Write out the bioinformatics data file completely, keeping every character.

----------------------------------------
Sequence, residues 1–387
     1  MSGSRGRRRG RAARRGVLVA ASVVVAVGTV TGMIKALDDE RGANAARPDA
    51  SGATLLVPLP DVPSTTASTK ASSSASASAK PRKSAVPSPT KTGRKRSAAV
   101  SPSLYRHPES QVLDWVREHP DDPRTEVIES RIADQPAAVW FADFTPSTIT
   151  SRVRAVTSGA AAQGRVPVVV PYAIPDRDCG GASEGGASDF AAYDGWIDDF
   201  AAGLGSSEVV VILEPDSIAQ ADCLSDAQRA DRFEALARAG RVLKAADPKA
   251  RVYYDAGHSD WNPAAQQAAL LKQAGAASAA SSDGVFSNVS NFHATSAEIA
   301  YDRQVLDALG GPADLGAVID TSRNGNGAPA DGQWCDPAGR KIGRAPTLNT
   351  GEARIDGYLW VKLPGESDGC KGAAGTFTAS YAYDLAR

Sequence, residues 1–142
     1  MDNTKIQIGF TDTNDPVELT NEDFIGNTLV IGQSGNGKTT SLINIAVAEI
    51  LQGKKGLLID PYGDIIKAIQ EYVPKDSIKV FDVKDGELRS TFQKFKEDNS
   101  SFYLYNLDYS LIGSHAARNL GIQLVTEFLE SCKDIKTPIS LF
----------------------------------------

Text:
Sequence, residues 1–387
     1  MSGSRGRRRG RAARRGVLVA ASVVVAVGTV TGMIKALDDE RGANAARPDA
    51  SGATLLVPLP DVPSTTASTK ASSSASASAK PRKSAVPSPT KTGRKRSAAV
   101  SPSLYRHPES QVLDWVREHP DDPRTEVIES RIADQPAAVW FADFTPSTIT
   151  SRVRAVTSGA AAQGRVPVVV PYAIPDRDCG GASEGGASDF AAYDGWIDDF
   201  AAGLGSSEVV VILEPDSIAQ ADCLSDAQRA DRFEALARAG RVLKAADPKA
   251  RVYYDAGHSD WNPAAQQAAL LKQAGAASAA SSDGVFSNVS NFHATSAEIA
   301  YDRQVLDALG GPADLGAVID TSRNGNGAPA DGQWCDPAGR KIGRAPTLNT
   351  GEARIDGYLW VKLPGESDGC KGAAGTFTAS YAYDLAR

Sequence, residues 1–142
     1  MDNTKIQIGF TDTNDPVELT NEDFIGNTLV IGQSGNGKTT SLINIAVAEI
    51  LQGKKGLLID PYGDIIKAIQ EYVPKDSIKV FDVKDGELRS TFQKFKEDNS
   101  SFYLYNLDYS LIGSHAARNL GIQLVTEFLE SCKDIKTPIS LF